Monday, July 21, 2014

I Live in Fear (生きものの記録) at Melwood Screening Room, August 5.

The 1955 Akira Kurosawa film I Live in Fear (生きものの記録) will play at the Melwood Screening Room (map) in Oakland on August 5. An overview from a 2002 A.V. Club review:
One of Kurosawa's oddest works, it arrived on the heels of The Seven Samurai, one of his most immediately accessible. Mifune, almost unrecognizable under layers of make-up, stars as a graying patriarch whose fear of nuclear annihilation leads him to make plans to move his large family to a farm in Brazil. Thinking his fears irrational, and expressing grave concern over the dispensation of his estate, they take him to court and, like a good judge, Kurosawa lets both sides exhaust themselves without drawing a premature judgement. Perhaps a bit too loose and leisurely to be entirely effective, Fear still offers a hugely compelling glimpse at the post-war Japanese mindset, and at the Cold War mindset in general. It's also a fine showcase for Kurosawa's nearly unparalleled visual style, and, like its companions in this set, a must-see for the director's admirers even if it's not quite among the very best entries in his formidable filmography.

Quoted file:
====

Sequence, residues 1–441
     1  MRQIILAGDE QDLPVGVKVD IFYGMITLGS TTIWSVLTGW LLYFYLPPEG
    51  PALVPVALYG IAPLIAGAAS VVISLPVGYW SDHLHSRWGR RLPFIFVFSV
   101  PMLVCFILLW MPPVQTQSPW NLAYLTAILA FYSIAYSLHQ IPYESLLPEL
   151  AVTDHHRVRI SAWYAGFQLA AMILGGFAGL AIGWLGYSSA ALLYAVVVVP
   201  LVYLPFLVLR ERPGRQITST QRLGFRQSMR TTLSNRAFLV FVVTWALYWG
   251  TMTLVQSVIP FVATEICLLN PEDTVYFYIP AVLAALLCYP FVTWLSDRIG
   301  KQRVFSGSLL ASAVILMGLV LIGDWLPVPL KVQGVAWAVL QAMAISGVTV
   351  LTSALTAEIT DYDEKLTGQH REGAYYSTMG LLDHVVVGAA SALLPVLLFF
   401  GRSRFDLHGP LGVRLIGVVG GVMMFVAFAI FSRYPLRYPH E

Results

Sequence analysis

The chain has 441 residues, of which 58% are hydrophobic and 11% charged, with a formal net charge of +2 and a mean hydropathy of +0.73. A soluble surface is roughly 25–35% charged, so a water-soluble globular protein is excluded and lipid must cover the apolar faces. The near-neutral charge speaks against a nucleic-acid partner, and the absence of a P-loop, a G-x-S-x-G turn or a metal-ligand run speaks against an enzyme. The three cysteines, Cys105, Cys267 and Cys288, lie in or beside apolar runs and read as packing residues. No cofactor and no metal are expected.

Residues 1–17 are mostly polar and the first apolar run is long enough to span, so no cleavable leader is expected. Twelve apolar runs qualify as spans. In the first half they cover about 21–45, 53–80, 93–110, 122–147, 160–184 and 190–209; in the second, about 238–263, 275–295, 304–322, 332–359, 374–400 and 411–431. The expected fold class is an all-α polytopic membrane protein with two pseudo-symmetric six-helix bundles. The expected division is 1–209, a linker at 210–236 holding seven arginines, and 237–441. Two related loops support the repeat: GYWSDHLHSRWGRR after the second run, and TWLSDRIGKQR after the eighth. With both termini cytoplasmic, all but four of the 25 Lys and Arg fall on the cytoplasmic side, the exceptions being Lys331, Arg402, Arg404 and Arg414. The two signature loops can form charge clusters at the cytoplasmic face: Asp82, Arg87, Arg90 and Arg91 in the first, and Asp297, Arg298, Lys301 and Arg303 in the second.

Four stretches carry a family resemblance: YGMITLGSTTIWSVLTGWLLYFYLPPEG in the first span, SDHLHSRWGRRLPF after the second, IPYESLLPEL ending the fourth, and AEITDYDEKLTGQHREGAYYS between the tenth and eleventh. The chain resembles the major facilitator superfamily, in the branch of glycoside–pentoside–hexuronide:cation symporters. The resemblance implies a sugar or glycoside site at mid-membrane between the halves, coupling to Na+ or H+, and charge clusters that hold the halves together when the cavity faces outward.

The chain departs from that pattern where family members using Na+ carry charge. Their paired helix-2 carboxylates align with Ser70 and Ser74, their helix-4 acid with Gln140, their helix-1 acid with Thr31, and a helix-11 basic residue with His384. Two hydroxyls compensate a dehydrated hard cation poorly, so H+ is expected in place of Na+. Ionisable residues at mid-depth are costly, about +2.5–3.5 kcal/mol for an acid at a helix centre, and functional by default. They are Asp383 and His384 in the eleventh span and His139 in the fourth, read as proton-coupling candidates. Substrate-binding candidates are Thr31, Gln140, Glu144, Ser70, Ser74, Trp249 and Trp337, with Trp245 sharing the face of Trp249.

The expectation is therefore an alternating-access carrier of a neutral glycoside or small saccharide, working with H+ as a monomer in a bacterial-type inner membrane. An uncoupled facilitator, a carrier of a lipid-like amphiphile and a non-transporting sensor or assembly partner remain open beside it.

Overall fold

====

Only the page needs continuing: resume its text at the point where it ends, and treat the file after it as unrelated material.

The film is co-sponsored by Remembering Hiroshima, Imagining Peace as a commemoration of the 69th anniversary of the bombings of Hiroshima and Nagasaki, and the 6:00 pm screening is followed by an 8:00 pm Skype interview with Japanese students. The movie is in Japanese with English subtitles.

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